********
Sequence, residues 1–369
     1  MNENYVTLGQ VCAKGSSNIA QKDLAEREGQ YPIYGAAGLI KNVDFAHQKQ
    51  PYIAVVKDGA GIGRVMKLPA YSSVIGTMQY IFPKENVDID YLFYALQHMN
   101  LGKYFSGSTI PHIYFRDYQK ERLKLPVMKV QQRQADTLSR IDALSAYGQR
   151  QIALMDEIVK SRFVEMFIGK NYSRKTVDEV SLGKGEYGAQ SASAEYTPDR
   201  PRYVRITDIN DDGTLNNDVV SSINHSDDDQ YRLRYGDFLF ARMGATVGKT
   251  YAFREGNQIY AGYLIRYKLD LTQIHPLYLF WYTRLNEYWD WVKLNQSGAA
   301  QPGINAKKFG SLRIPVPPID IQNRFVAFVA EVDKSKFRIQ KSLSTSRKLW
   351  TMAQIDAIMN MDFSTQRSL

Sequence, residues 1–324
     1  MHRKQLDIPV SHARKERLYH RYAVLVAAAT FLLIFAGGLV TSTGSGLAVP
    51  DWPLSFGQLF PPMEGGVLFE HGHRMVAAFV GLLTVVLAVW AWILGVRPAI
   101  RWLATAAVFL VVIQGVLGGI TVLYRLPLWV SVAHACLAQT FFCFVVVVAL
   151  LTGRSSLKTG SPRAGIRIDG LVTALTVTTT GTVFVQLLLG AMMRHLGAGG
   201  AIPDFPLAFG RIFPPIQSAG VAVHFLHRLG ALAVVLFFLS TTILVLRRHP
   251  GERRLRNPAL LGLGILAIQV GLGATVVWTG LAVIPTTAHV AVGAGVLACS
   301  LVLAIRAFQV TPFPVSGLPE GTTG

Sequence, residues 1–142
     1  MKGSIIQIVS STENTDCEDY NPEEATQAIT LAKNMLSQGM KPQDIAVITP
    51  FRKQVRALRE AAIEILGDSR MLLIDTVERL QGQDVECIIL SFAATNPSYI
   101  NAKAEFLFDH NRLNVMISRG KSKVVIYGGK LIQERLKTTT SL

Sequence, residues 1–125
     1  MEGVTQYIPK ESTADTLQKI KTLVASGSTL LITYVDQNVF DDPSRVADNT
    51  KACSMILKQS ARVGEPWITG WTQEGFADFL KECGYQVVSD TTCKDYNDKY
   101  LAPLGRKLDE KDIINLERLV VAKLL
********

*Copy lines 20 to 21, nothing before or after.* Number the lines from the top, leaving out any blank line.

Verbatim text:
    51  FRKQVRALRE AAIEILGDSR MLLIDTVERL QGQDVECIIL SFAATNPSYI
   101  NAKAEFLFDH NRLNVMISRG KSKVVIYGGK LIQERLKTTT SL